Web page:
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The Myopia Epidemic: Why Parents Should Manage Screen Time

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Vision is a crucial part of the learning process. In fact, research indicates that approximately 80% of learning is visual. Regardless of your child’s age, they rely on their eyesight to help them reach developmental milestones, keep up with peers academically, and even pick up on social cues.
However, the increase in myopia or nearsightedness over recent years may be threatening our children’s education. As an optometrist with a master’s degree in public health and a parent, I think it’s absolutely vital that every parent understands the current myopia epidemic, and how something as simple as digital screens could impact their child’s vision.

What is Myopia?

Myopia is the medical term for nearsightedness, which prevents people from seeing distant objects clearly.
In a “normal” or non-myopic eye, the cornea bends light so it focuses at a point directly on the retina. In a myopic eye, the eyeball is too long compared to the curvature of the cornea. As a result, the light bends and focuses at a point in front of the retina, which causes anything past a certain distance to appear blurry.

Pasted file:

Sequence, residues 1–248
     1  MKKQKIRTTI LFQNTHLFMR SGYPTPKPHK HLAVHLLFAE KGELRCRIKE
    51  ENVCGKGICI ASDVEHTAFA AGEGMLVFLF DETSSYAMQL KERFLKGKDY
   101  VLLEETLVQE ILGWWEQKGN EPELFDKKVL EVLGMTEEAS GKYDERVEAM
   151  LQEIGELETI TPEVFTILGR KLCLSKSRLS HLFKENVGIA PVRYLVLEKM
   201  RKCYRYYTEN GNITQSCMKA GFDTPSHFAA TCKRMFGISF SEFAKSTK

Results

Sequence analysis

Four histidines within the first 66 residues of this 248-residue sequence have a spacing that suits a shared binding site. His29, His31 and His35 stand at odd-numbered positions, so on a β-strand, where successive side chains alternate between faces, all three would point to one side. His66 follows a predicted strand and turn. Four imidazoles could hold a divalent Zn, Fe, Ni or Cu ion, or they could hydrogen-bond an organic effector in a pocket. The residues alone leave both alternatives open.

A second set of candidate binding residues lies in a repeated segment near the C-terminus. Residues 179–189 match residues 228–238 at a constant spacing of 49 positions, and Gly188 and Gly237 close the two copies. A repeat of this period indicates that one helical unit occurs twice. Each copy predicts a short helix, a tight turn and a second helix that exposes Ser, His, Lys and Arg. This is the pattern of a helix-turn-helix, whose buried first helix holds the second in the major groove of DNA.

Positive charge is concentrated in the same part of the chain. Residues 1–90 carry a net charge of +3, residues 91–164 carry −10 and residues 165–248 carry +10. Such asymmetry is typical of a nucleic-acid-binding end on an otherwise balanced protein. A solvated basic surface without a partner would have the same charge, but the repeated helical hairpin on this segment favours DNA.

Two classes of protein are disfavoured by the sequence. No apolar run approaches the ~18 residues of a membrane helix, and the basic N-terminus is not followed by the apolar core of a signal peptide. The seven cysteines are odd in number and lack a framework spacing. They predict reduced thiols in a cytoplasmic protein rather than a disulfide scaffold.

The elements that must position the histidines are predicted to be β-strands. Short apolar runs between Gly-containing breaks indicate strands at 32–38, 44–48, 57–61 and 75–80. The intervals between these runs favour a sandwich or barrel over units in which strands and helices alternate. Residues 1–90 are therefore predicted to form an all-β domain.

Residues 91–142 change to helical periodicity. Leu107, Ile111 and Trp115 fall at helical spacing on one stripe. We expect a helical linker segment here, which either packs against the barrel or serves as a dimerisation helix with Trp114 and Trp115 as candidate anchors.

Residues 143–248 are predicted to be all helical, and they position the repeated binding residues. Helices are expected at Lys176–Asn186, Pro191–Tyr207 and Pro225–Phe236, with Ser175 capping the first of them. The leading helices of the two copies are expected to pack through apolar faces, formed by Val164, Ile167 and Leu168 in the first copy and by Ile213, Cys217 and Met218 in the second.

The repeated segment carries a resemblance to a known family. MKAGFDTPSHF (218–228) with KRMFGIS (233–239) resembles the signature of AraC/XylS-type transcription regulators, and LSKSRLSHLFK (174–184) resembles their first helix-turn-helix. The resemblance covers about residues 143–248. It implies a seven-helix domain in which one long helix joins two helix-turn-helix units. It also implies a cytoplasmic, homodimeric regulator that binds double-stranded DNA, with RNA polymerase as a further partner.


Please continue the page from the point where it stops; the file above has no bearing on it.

Myopia isn’t exclusive to children. Plenty of adults have myopia. The difference is that childhood myopia tends to get worse as the child ages. Your child’s eyes grow with them, which means light focuses at a point further and further away as they get older.

Is Myopia Curable?

As of 2019, there’s no real way to reverse myopia with the exception of laser eye surgery, which isn’t an option for kids. Myopia can be managed or corrected in children and adults with contact lenses and glasses. Kids can (and should) also undergo myopia control, which helps slow the progression of myopia until your child’s eyes stop growing.

Evidence of an Epidemic


Myopia has become increasingly common among children in the last few decades. This trend is well documented and has been confirmed by the World Health Organization, the International Myopia Institute, and the Canadian Association of Optometrists
One study compared the prevalence of myopia in the general population from 1971-1972 to 1999-2004. Back in the 70s, the study found 25% of people had myopia. That number jumped to 42% by 2004, indicating 168% growth in myopia prevalence over 32 years. 
What’s more unsettling is that researchers estimate that half of the global population will be nearsighted by 2050.